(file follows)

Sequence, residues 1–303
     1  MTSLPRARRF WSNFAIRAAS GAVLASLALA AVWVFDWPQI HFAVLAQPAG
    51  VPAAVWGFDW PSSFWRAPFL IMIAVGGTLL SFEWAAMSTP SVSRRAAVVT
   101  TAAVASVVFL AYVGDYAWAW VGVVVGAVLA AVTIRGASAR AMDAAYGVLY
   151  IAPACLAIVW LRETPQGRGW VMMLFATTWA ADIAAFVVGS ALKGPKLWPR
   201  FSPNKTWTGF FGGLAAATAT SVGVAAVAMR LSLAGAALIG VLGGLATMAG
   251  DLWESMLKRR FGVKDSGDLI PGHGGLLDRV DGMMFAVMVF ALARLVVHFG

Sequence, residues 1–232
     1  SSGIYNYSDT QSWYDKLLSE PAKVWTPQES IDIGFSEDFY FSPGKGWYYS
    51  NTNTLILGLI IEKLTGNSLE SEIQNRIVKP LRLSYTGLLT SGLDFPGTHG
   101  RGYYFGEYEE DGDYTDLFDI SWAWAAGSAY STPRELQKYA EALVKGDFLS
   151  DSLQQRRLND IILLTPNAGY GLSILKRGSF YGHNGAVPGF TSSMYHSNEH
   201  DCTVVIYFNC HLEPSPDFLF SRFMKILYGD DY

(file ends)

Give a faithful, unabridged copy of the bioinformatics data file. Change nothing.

Sequence, residues 1–303
     1  MTSLPRARRF WSNFAIRAAS GAVLASLALA AVWVFDWPQI HFAVLAQPAG
    51  VPAAVWGFDW PSSFWRAPFL IMIAVGGTLL SFEWAAMSTP SVSRRAAVVT
   101  TAAVASVVFL AYVGDYAWAW VGVVVGAVLA AVTIRGASAR AMDAAYGVLY
   151  IAPACLAIVW LRETPQGRGW VMMLFATTWA ADIAAFVVGS ALKGPKLWPR
   201  FSPNKTWTGF FGGLAAATAT SVGVAAVAMR LSLAGAALIG VLGGLATMAG
   251  DLWESMLKRR FGVKDSGDLI PGHGGLLDRV DGMMFAVMVF ALARLVVHFG

Sequence, residues 1–232
     1  SSGIYNYSDT QSWYDKLLSE PAKVWTPQES IDIGFSEDFY FSPGKGWYYS
    51  NTNTLILGLI IEKLTGNSLE SEIQNRIVKP LRLSYTGLLT SGLDFPGTHG
   101  RGYYFGEYEE DGDYTDLFDI SWAWAAGSAY STPRELQKYA EALVKGDFLS
   151  DSLQQRRLND IILLTPNAGY GLSILKRGSF YGHNGAVPGF TSSMYHSNEH
   201  DCTVVIYFNC HLEPSPDFLF SRFMKILYGD DY